At the National Sheriffs’ Association Conference in Washington last week, Homeland Security Secretary Janet Napolitano noted that riders on the D.C. Metro system can hear her voice repeatedly promoting her department’s “If You See Something, Say Something” terrorism-hotline campaign. “That’s a scary thought,” she suggested.
Even scarier to me is the campaign itself.
It began in New York City, where it generated 8,999 calls in 2006 and more than 13,473 in 2007. Although the usual approach of the media is to report about such measures uncritically, one New York Times reporter at the time did have the temerity to ask how many of these tips had actually led to a terrorism arrest. The answer, it turned out, was zero.
That continues to be the case, it appears: none of the much-publicized terrorism arrests in New York since that time has been impelled by a “If You See Something, Say Something” tip.
This experience could be taken to suggest that the tipster campaign has been something of a failure. Or perhaps it suggests there isn’t all that much out there to be found. Undeterred by such dark possibilities, however, the campaign continues, and the number of calls in New York skyrocketed to 27,127 in 2008 before settling down a bit to a mere 16,191 in 2009.
For its part, the FBI celebrated the receipt of its 2 millionth tip from the public, up to a third of them concerning terrorism, in August 2008. There seems to be no public information on whether the terrorism tips proved more useful than those supplied to the New York City police. However, an examination of all known terrorism cases since 9/11 that have targeted the United States suggests that the “If You See Something, Say Something” campaign has never been relevant.
It turns out that New York has received a trademark on its snappy slogan, something Napolitano’s DHS dutifully acknowledges on its relevant website when it refers to its public awareness campaign as: "If You See Something, Say Something™." (Nowhere on the website does the department bother to tally either the number of calls it receives or the number of terrorism arrests the hotline has led to.)
New York has been willing to grant permission for the slogan to be used by organizations like DHS, but sometimes it has refused permission because, according to a spokesman, “The intent of the slogan is to focus on terrorism activity, not crime, and we felt that use in other spheres would water down its effectiveness.” Since it appears that the slogan has been completely ineffective at dealing with its supposed focus—terrorism—any watering down would appear, not to put too fine a point on it, to be impossible.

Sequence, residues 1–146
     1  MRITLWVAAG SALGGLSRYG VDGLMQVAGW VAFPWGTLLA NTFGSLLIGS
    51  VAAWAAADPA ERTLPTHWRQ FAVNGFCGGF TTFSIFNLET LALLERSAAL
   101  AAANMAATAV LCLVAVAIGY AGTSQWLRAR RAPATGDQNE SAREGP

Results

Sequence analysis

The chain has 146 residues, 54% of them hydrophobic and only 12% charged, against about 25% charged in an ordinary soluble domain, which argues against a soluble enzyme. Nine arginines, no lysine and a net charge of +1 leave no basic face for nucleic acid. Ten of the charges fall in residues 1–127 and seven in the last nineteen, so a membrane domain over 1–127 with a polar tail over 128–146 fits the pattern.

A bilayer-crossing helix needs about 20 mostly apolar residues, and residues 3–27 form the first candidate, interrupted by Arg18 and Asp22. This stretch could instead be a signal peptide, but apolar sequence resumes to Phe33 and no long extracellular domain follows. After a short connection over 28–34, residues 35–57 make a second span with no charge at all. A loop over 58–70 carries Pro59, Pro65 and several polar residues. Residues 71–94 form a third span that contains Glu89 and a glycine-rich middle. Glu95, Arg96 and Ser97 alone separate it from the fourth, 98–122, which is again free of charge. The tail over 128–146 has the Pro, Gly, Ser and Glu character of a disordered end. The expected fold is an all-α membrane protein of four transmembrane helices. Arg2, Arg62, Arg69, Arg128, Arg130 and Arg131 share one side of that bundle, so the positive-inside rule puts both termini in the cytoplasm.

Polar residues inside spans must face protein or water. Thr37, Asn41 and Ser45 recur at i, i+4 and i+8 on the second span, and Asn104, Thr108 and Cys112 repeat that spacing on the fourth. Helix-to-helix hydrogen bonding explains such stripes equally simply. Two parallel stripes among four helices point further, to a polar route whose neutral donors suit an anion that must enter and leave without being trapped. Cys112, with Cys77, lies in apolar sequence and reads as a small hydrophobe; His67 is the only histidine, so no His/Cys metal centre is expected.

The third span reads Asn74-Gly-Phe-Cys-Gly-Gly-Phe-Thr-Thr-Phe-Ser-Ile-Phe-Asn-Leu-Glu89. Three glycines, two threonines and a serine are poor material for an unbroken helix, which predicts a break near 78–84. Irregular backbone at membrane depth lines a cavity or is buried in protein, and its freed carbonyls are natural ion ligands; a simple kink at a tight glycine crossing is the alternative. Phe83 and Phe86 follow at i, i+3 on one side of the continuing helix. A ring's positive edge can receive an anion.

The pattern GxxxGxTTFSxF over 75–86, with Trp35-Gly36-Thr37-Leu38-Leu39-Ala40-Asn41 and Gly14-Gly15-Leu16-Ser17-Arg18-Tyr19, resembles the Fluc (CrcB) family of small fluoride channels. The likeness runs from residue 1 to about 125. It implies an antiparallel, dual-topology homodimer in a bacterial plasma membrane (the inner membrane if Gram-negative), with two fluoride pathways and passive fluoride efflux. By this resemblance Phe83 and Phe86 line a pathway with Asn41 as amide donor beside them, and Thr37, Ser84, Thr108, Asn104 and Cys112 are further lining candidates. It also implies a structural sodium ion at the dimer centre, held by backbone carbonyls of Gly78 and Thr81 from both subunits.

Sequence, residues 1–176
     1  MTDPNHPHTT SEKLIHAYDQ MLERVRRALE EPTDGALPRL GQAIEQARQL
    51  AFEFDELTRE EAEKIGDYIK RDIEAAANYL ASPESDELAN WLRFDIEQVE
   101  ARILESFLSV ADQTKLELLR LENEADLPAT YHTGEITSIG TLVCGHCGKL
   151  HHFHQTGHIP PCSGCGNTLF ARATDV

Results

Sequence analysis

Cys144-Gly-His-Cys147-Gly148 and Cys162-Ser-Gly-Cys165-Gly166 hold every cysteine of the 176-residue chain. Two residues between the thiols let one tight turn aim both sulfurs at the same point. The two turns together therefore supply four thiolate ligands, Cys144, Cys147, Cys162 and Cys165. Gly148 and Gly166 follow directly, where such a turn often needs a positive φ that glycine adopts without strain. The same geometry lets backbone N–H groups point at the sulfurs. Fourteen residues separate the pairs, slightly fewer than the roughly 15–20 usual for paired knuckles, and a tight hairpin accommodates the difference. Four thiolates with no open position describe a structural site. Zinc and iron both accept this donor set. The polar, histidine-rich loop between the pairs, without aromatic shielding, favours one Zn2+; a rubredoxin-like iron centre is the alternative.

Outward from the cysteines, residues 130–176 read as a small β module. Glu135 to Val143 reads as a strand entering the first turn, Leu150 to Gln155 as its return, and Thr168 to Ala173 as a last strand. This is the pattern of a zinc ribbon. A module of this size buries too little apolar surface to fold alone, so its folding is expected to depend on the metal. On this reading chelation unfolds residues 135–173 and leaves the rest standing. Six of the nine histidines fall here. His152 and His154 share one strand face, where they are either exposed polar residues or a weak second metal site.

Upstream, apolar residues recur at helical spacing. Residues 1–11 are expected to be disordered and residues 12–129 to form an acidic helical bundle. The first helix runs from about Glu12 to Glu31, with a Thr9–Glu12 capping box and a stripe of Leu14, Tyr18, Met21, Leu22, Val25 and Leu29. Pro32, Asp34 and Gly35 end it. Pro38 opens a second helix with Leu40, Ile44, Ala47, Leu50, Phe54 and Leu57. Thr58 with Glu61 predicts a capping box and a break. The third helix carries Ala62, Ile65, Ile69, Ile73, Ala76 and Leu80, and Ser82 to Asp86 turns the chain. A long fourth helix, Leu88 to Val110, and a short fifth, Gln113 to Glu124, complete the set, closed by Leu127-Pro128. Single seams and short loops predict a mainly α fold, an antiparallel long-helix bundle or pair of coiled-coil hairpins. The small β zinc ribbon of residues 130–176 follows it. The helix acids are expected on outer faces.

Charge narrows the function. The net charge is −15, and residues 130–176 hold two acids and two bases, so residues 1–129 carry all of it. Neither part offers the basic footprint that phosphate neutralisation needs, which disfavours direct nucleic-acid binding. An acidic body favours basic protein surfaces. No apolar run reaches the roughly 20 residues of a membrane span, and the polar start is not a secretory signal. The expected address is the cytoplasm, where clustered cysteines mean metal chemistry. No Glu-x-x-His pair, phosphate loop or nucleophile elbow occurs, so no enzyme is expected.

Meanwhile, in New York alone $2 million to $3 million each year (much of it coming from grants from the federal government) continues to be paid out to promote and publicize the hotline.
But that’s hardly the full price of the program. As Mark Stewart and I have noted in our Terror, Security, and Money, processing the tips can be costly because, as the FBI’s special counsel puts it, “Any terrorism lead has to be followed up. That means, on a practical level, that things that ten years ago might just have been ignored now have to be followed up.” Says the assistant section chief for the FBI's National Threat Center portentously, "It's the one that you don't take seriously that becomes the 9/11."
It might seem obvious that any value of the “If You See Something, Say Something™” campaign needs to be weighted against the rather significant attendant costs of sorting through the haystack of tips it generates. Of course, the campaign might fail a cost-benefit analysis because it is expensive and seems to have generated no benefit (except perhaps for bolstering support for homeland-security spending by continually reminding an edgy public that terrorism might still be out there).
This grim possibility may be why, as far as I can see, no one has ever carried out such a study and why the prospect of doing one has probably never crossed the minds of sloganeer Napolitano or of the rapt sheriffs in her audience.
Now that’s a scary thought.
Image: Connecticut Department of Transportation